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5 Bucks: Dak is Back, McCarthy's Rust & More

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The season is finally here and it's time to see what the Cowboys have in store for 2021.

Last year saw so many setbacks, with injuries and the play on the field.

But it's a new year, with new players and a new outlook.

Here are my five points on my mind as we head to Thursday's season opener in Tampa Bay.

Dak is back.

Let's be real. The Cowboys' 2020 season crumbled after Dak Prescott's season-ending injury. The veteran was playing at an all-time level with his 371.2 pass yards per game average putting him on a pace to shatter Peyton Manning's single-season mark (5,477). Moreover, No.4 was single-handedly carrying an offense with a patchwork offensive line and leaky defense playing sub-standard football at the beginning of the season.

With Prescott back in the fold, the Cowboys' high-powered offense gives them a puncher's chance against any team in the league. If he quickly rediscovers his rhythm and connection with his receivers, the Cowboys' offense exploits mismatches on the outside, particularly against teams lacking three premier cover corners. Against a Buccaneers' defense that utilizes pressure to mask their woes in coverage, No.4 could be the equalizer in a marquee matchup.

Can Mike McCarthy shake off the rust?

The one-time Super Bowl winner appeared to struggle with his decision-making after an extended layoff following his dismissal from the Packers. McCarthy bungled several situational football decisions that ranged from clock management to special teams' gambles while acclimating to the head coaching role with the Cowboys.

In Year 2, the grizzled coach needs to be on his game from game planning to clock management to team execution. The Cowboys are expected to have an edge in close games with a Super Bowl winner on the sidelines. McCarthy needs to be a difference maker in one-score games with his decisions tipping the scales in the Cowboys' favor. If not, management should question whether he is the right guy for the job.

O-Line faces a huge test without Zack Martin.

The loss of the All-Pro guard leaves a huge void in the middle of the Cowboys' frontline. It is not just his presence as a dominant blocker at the point of attack with exceptional skills as a run and pass blocker but it is his ability to neutralize All-Pro defenders in the trenches. Without Martin to steady the interior of the line, the Cowboys could have problems handling the Buccaneers' dynamic defensive tackle duo (Ndamukong Suh and Vita Vea) at the line of scrimmage. In addition, the loss of the all-star blocker robs the Cowboys of a right tackle answer if La'el Collins is unable to play or forced out of action in the game. Considering how the O-Line struggled without premier players in 2020, the loss of Martin could significantly impact the game plan this week.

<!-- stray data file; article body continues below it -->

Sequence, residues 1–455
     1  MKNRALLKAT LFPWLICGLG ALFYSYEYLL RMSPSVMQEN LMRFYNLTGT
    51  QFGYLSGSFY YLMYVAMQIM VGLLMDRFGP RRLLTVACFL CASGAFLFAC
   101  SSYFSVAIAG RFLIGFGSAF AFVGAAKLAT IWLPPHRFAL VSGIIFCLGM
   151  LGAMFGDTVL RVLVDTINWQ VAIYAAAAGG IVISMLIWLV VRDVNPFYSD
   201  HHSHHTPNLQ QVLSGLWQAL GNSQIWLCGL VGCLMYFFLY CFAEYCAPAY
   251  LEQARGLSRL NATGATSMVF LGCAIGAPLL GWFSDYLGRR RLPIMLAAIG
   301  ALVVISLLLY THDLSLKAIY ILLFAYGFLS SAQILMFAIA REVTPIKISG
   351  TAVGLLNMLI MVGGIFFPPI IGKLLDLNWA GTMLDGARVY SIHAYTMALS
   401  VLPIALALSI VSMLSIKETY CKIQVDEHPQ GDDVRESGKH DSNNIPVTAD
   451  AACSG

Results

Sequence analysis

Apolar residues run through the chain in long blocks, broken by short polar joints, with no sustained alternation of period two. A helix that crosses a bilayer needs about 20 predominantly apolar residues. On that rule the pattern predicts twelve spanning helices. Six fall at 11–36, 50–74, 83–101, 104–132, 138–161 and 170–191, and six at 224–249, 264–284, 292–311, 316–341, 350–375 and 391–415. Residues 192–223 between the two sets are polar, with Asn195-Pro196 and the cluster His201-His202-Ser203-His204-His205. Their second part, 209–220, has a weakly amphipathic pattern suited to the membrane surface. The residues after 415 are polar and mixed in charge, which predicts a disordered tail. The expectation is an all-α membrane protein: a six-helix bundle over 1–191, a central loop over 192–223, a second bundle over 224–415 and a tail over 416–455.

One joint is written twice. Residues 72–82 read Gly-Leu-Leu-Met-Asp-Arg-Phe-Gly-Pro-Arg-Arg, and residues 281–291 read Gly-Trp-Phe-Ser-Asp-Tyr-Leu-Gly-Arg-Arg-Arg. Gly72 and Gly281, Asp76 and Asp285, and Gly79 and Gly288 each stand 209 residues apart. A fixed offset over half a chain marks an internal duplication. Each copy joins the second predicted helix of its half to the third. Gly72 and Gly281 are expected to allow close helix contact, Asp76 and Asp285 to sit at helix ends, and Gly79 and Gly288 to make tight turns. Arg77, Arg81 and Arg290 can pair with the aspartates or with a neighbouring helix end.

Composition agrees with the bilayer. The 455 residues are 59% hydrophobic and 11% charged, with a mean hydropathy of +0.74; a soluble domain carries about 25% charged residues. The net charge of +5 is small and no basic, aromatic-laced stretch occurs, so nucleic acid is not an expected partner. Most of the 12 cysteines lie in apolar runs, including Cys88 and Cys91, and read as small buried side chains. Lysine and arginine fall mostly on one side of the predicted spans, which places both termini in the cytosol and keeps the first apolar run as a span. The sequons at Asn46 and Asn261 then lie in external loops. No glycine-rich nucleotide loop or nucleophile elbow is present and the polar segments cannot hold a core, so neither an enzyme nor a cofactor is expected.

Is Dan Quinn's new-and-improved defense ready for primetime?

The ultra-energetic defensive coach has raised the bar for the unit that appeared lackluster at times in 2020. From their energy and effort to their overall execution, the Cowboys did not play like an upper-echelon unit in any aspect.

Quinn has created an environment of trust and accountability within the squad that has resulted in better effort and more attention to detail throughout training camp. In addition, Quinn's simplistic schematic approach has helped the young players play faster between the lines. Without the mental clutter clouding their minds, the Cowboys hustle and chase like a pack of wolves hunting prey on the grass.

Against a Buccaneers' squad with a collection of blue-chip players dotting the perimeter, the Cowboys' renewed commitment to playing hard will give them a chance. Quinn's creative personnel deployment, particularly with the linebackers, could enable the Cowboys to create some problems at the point of attack. If the young cornerbacks can hold up in coverage against TB12 and the Buccaneers' electric pass catchers, the Cowboys could make this a more competitive game than many would expect.

Secondary is under pressure.

The Cowboys' secondary ranks as the team's biggest issue heading into the regular season. The unit is full of newbies and youngsters attempting to acclimate to develop chemistry and continuity on the run. Although the unit is loaded with talented athletes, particularly at cornerback, the Cowboys need to develop trust through communication and experience.

The defensive backfield must play as one and their connectivity is essential to playing great defense in a pass-happy league. If the Cowboys can limit the blown assignments while keeping the ball in front of the defense, they will have a chance to keep a talented Buccaneers' offense under wraps.

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